Nissan gives Japan version of Infiniti Q50 self-driving upgrade

The refreshed sedan goes on sale this fall in Japan and signals what might be in store for the upcoming Infiniti Q50,

Nissan is giving the sporty Skyline sedan a high-tech, midcycle update with a new semi-autonomous system that allows for truly hands-free, auto-navigating highway driving.

The refreshed sedan goes on sale this fall in Japan and signals what might be in store for the upcoming Infiniti Q50, the name the vehicle is sold under in Europe and the U.S.

The minor model change, unveiled at Nissan’s headquarters here south of Tokyo, also gets a top-tier 400R grade in Japan that is the most powerful factory-built Skyline ever. Its 3.0-liter V-6 twin-turbo engine generates 400hp, over the base model’s 300 hp.

The engine was already deployed in the U.S.-market Infiniti Q50 but now makes its way to Japan, replacing a Daimler-supplied 2.0-liter inline four-cylinder turbocharged engine.

A new Intelligent Dynamic Suspension feature also offers more precise control of suspension damping that correspondents to the driving situation to reduce vibration and improve comfort.

Styling tweaks, for the Japan version at least, include the return of the Skyline’s traditional four-circle rear combination lamps with full LED illumination. And for the domestic market, where the automaker does not market the Infiniti premium brand, the Skyline gets Nissan’s V-Motion grille.

The prominent Nissan branding — with the return of Nissan logos — reverses an earlier attempt to position the current model simply as “Skyline,” stripped of any corporate badging. That move was seen by some as testing the waters for a possible introduction of the Infiniti brand to Japan.

“By delivering these new products before anyone else, we have been unlocking the future of mobility,” Executive Vice President Asako Hoshino said at the launch.

“This is the first product that enables hands-off driving in certain circumstances in assisting the driver on multilane highways. This is a technology only Nissan can develop,” she said.

The new ProPilot 2.0 system makes several advances over the first generation ProPilot technology, which has been sold in 350,000 vehicles worldwide since hitting the market in 2016. Chief among the improvements is delivering pure hands-off highway driving from on-ramp to off-ramp. The system will switch lanes, pass other cars and help with lane exiting.

The current system does not allow lane changing or take orders from the navigation system to drive itself to a chosen destination. Indeed, in the U.S., a circumspect Nissan tacks on the word “Assist” to ProPilot so as not to engender a false sense of security in its limited abilities.

Nissan said in a statement that ProPilot 2.0 delivers “the world’s first driver assistance system to combine navigated highway driving with hands-off single-lane driving capabilities.”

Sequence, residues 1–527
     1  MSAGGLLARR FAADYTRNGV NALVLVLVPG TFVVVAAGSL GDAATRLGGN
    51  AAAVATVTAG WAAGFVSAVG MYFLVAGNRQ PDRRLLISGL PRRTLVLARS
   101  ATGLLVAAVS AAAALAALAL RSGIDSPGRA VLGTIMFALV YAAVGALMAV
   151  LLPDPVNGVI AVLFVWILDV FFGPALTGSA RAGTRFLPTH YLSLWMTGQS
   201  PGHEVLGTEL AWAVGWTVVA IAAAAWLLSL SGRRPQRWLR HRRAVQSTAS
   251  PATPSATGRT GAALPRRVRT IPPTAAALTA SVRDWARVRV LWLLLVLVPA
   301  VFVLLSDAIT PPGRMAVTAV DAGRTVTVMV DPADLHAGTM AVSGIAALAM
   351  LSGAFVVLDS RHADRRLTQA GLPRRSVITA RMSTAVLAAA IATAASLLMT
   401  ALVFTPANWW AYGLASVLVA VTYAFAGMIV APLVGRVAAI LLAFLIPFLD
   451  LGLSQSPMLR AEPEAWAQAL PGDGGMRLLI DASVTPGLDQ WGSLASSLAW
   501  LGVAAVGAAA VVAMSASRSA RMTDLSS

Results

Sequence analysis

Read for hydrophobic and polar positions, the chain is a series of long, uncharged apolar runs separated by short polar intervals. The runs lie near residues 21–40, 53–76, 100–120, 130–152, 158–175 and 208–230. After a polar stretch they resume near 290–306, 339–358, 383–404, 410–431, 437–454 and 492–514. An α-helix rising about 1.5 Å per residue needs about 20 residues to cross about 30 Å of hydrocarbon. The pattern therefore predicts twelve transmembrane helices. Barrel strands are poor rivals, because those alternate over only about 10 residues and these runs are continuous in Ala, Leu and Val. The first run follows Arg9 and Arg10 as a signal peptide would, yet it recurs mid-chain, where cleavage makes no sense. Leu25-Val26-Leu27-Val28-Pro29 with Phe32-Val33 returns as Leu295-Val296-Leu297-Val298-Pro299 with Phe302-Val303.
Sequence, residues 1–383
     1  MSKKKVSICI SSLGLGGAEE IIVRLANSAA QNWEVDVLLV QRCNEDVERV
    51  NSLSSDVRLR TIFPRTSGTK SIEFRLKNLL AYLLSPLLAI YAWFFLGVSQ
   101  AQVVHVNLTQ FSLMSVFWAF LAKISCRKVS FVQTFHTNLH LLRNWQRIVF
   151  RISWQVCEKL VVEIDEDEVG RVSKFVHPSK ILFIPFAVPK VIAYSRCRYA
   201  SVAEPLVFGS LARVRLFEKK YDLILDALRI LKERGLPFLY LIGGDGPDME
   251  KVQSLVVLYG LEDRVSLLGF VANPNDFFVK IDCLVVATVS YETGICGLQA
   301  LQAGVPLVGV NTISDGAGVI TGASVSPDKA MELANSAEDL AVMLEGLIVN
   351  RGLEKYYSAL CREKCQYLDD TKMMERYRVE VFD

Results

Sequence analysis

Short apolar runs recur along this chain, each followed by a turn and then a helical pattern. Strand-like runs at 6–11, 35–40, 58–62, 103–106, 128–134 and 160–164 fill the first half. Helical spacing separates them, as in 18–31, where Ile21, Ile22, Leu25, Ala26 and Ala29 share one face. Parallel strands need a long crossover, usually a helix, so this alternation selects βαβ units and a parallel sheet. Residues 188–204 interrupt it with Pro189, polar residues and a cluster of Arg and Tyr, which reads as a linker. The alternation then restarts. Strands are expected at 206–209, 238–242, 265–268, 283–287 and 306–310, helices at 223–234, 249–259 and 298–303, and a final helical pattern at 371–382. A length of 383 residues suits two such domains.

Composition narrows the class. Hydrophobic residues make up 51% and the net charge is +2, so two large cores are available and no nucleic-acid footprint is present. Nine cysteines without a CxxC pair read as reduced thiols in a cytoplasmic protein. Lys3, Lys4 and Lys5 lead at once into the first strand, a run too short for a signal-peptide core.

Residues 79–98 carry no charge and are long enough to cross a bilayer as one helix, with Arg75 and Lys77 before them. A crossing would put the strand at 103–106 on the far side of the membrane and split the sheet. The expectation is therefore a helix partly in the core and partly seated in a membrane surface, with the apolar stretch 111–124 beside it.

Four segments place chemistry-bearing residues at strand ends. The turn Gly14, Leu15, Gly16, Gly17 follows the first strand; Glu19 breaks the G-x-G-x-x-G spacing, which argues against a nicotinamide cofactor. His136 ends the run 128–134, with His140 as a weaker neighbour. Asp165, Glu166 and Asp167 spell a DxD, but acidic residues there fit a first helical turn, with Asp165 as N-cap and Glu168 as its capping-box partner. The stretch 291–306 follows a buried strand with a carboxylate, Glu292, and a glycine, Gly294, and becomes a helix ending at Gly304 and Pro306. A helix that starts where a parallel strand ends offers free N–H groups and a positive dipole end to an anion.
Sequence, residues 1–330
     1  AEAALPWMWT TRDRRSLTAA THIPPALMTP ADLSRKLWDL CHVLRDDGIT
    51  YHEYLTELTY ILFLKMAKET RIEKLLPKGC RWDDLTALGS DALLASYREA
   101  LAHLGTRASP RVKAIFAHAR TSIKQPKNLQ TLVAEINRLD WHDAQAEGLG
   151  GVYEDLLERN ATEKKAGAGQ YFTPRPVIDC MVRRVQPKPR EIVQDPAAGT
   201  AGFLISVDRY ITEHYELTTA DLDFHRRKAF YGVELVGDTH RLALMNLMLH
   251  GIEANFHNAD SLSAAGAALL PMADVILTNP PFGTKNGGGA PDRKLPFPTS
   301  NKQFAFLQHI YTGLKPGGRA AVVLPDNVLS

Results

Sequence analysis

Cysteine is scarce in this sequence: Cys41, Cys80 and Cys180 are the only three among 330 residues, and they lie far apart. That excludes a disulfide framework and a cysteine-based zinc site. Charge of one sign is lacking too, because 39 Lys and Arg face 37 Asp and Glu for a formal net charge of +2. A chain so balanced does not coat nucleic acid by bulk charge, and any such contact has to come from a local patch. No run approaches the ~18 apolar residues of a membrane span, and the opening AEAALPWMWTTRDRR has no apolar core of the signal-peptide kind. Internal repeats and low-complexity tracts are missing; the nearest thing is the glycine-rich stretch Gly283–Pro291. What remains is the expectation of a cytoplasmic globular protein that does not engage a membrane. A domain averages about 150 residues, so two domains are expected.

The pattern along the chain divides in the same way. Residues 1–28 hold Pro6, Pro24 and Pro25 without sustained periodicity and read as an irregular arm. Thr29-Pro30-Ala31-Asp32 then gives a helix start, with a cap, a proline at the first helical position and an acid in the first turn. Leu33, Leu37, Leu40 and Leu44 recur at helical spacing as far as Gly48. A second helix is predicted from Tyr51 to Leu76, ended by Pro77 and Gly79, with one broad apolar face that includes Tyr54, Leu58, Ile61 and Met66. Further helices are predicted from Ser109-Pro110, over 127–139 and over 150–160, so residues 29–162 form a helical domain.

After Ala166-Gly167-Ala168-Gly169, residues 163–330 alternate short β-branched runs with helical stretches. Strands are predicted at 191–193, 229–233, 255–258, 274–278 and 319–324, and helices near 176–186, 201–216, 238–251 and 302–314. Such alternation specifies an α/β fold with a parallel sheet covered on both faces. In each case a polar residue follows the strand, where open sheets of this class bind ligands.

The new system fulfills Nissan’s promise to launch an auto-navigating, self-driving system for highways by the end of the decade. ProPilot 2.0 joining together seven cameras, five radar sensors and 12 sonar sensors, combined with a 3D high-definition mapping navigation system.

The technology can pinpoint the car’s location to within 5 centimeters, said Kunio Nakaguro, executive vice president for r&d and product development. The system allows hands-off driving only when the car is traveling in the same lane. When the car switches lanes, Japanese regulations require drivers to have their hands on the wheel. ProPilot 2.0 still changes the lanes by itself, but the law requires human hand-holding, just in case.

New styling tweaks, for the Japan Q50 version at least, include the return of the Skyline’s traditional four-circle rear combination lamps with full LED illumination
The system works only on highways that have been mapped in three-dimensional high-definition. It is this advanced digital mapping that allows the new ProPilot system to position the car on a road with an ultra-precise margin of error of only a matter of centimeters.

Nissan said in May the 2.0 system will be available only in Japan for the time being. Nissan plans to eventually introduce it worldwide, but the timing of the global rollout is still under discussion.

The system uses a driver monitoring system to make sure the driver is paying attention and ready to resume control in an emergency. If the driver becomes disengaged and does not respond to alerts, the car turns on its hazard lights, slowly pulls over to a stop and calls for emergency help.

A key function of the upgrade is the ability to set a destination in the navigation system and have the car drive itself there, at least over certain highway routes where the technology works. Nissan calls that a world’s first when combined with hands-free driving.

Like the Leaf electric car, Nissan’s autonomous driving push is a forward-looking legacy of Carlos Ghosn, the former chairman who was arrested Nov. 19 and now faces four indictments in Japan on allegations of financial misconduct during his time at Nissan’s helm.

While CEO, Ghosn announced plans in 2013 to have multiple autonomous vehicles on the market by 2020. Nissan later fine-tuned the plan, saying a multi-lane highway system would debut around 2018 and that an urban system that handles intersections would arrive around 2020.

Autonomous driving is now a key pillar of Nissan’s so-called Intelligent Mobility product development strategy, which focuses on electrification, autonomy and connectivity.

Nissan CEO Hiroto Saikawa said in May he wants annual sales of vehicles equipped with ProPilot semi-autonomous driving systems to reach 1 million units in the next four years.

Nissan plans to be selling that technology in 20 nameplates in 20 markets.


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